Two years after snowmobiles were banned in the Boundary Waters Canoe Area Wilderness, a group from 500- to 1,000-people strong drove their snow machines 15 miles into the BWCA for one day.

They weren't renegades. For them, the U.S. Forest Service granted rare permission to use snowmobiles in the wilderness across one route only. It was a memorial ride to Knife Lake in 1987. The assembly served a single purpose — to mourn the passing of a beloved resident. That ride celebrated its 30th anniversary Jan. 10.

The beloved resident was Dorothy Molter, and she was a dynamo of spirit. Her independence, tender heart and grit made her a Boundary Waters legend. For more than 56 years her home was the Isle of Pines on Knife Lake northeast of Ely, where she received as many as 7,000 visitors per year.

Many knew her as the Root Beer Lady, the Nightingale of the Wilderness, or both. Molter served her famous homemade root beer to thirsty wilderness paddlers who stopped. Sometimes she used her nursing skills to treat visitors and even wildlife that needed first aid.

She was born in 1907 in Arnold, Pa., and grew up in Chicago. Molter made a gutsy decision in 1934 that went contrary to her era, said Sarah Levar, co-author of Molter's biography and director of the Dorothy Molter Museum in Ely. Molter wasn't interested in marriage or motherhood. However, she was kind, liked people and had a nursing degree.

"[Molter] told her parents that she was giving up the big city life and the career as a registered nurse in Chicago to work at a wilderness fishing resort," Levar said. "At age 41 in 1948, she became sole proprietor of [the resort]. How many women in 1948 were the sole proprietor of anything?"

Beyond Molter's spirit, her life paralleled major environmental management and legislative changes, including federal designation of Minnesota's wilderness. She was the last non-indigenous resident in what is now the BWCA. But that took some doing.

Owing to the Wilderness Act of 1964, the federal government issued an order requiring Molter to leave the wilderness. She was no longer allowed to run the resort or reside there alone. Some area residents didn't take this lightly. Molter had touched the lives of so many that they petitioned the government to let her stay. After national media attention and a long legal battle, she was granted lifetime tenancy in 1972.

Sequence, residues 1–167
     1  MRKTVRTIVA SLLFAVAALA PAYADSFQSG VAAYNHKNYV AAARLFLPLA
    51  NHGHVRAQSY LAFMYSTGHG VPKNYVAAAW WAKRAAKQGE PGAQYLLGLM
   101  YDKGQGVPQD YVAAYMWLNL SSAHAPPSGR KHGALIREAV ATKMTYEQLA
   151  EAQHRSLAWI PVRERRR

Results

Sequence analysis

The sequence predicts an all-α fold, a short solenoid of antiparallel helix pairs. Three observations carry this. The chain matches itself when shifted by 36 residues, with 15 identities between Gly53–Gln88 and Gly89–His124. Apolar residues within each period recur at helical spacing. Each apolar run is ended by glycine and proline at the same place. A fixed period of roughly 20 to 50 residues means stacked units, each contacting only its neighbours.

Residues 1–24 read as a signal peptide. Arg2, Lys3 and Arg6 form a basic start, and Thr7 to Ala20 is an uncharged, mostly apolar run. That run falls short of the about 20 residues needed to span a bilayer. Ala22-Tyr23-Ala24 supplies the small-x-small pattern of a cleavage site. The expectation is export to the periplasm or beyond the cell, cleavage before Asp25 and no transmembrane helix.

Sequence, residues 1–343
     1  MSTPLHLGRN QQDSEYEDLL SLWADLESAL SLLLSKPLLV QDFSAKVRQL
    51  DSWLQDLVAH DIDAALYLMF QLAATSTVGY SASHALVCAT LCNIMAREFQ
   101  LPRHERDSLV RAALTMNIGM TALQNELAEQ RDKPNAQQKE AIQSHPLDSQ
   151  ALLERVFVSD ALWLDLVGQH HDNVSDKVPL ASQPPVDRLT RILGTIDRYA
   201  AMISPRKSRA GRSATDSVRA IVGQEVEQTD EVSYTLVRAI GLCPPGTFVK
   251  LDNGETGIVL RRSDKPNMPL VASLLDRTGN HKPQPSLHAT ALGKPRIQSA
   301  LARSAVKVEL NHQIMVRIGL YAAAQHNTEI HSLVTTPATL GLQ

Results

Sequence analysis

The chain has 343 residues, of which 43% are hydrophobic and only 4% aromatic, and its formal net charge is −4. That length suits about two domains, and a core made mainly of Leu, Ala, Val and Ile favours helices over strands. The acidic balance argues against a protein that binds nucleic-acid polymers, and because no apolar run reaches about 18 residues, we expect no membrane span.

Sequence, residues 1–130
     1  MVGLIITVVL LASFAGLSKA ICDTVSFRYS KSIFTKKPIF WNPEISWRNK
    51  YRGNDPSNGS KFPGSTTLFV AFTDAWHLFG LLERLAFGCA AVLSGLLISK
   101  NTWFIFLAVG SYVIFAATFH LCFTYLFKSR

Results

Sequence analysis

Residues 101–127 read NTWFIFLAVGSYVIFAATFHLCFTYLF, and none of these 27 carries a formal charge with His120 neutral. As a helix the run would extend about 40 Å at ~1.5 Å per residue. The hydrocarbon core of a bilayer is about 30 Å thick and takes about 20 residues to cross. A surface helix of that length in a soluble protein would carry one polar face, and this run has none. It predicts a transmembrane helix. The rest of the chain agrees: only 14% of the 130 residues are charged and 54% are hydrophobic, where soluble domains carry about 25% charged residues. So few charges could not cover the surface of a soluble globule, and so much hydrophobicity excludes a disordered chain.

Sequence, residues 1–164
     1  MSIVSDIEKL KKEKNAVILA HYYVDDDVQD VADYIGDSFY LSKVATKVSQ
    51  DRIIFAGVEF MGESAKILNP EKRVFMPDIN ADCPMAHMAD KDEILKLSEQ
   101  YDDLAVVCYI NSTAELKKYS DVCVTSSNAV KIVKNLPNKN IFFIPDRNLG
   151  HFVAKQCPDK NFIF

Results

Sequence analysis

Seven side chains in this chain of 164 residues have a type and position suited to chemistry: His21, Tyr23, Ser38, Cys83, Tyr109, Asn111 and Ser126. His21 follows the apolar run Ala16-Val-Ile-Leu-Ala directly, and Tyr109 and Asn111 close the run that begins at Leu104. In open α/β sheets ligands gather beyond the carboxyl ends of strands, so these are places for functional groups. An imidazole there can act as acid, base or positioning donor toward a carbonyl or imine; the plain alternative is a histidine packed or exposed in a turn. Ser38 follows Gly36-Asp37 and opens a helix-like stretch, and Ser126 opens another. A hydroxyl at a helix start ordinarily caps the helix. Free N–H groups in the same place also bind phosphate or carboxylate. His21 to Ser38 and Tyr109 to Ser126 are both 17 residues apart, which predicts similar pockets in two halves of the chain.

The memorial snowmobile ride took place from Ely to her cabins at the Isle of Pines three weeks after her death on Dec. 18, 1986. She was 79. Peg Rosett and her late husband, John, were close friends of Molter. They were instrumental in organizing the ride. They requested the Forest Service lift the snowmobile ban.

Rosett said the memorial service was held outside by Molter's cabin where participants stood respectfully nearby and out onto the ice. She recollected the scene as if Molter was still with them. Donuts and coffee were served outdoors, and folks took to reminiscing — stopping by Molter's cabin for coffee after morning trout fishing was popular.

"Sometimes she had a really special [vegetable beef] soup she would make and you'd sit around her table," Rosett said. "Most of the time there wasn't even sitting room because you'd have so many people in the cabin."

'Dorothy's Angels'

Upon Molter's death in December, the government obtained her property and slated the structures for demolition. But the Rosetts, Molter's friends and community leaders had other ideas.

In January, "Dorothy's Angels" was formed, a task force campaigning to save Molter's possessions. By late February, the Forest Service granted the group permission to remove her cabins and personal belongings. They were given until mid-April to complete the job — by nonmotorized means. Approved Forest Service flights helped transport work crews but only until mid-March. In reality, push came to shove.

During this time, Bert Hyde coordinated sled dog teams from Voyageur Outward Bound School to haul the parts. He said the cabins were dismantled, logs and pieces numbered, and diagrams rendered for how they should be reassembled. "We ­­would load up the logs on dog sleds and then freight them down to the landing at Moose Lake."

Unfortunately, an early March thaw made terrain impossible for dog teams to cross. But on March 20, 1987, the Forest Service granted a three-day window for the volunteers to use motorized methods and remove final logs. An army of Angels showed up and met the deadline.

After several years of planning, the cabin logs and ­Molter's artifacts were reassembled. The Dorothy Molter Museum opened to preserve Molter's legacy on her birthdate (May 6) in 1993. Her cabins sit in a grove of pines on Ely's east side that Rosett said is just like Molter had them at Knife Lake. The grounds also include an interpretive center and a nature trail. Exhibits feature her root beer-making equipment, an extensive collection of her personal items, photos and memorabilia, and documentation of BWCA history.

Levar said the small organization's extraordinary effort and independent fundraising speaks volumes about Molter. "Thirty years later, people still care about her, and her legacy is still inspiring people. [That] really is a testimony to her character."

Scott Stowell is a freelance writer and photographer from Ely. He can be reached at